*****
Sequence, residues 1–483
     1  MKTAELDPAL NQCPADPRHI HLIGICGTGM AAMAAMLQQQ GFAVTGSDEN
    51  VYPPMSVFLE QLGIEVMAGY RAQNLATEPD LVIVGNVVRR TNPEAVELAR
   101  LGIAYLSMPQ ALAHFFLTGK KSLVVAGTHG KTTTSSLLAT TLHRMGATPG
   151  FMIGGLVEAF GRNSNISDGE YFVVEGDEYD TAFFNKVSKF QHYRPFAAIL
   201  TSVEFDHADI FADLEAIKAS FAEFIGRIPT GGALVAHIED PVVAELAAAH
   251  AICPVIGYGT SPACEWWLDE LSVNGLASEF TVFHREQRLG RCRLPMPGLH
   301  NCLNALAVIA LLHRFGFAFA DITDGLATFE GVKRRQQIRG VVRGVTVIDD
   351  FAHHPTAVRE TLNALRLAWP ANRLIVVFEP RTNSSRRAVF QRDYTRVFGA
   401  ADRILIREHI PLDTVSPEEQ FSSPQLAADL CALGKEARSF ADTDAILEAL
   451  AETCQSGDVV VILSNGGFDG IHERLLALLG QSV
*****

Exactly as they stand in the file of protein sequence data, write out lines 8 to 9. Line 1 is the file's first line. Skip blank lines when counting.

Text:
   301  NCLNALAVIA LLHRFGFAFA DITDGLATFE GVKRRQQIRG VVRGVTVIDD
   351  FAHHPTAVRE TLNALRLAWP ANRLIVVFEP RTNSSRRAVF QRDYTRVFGA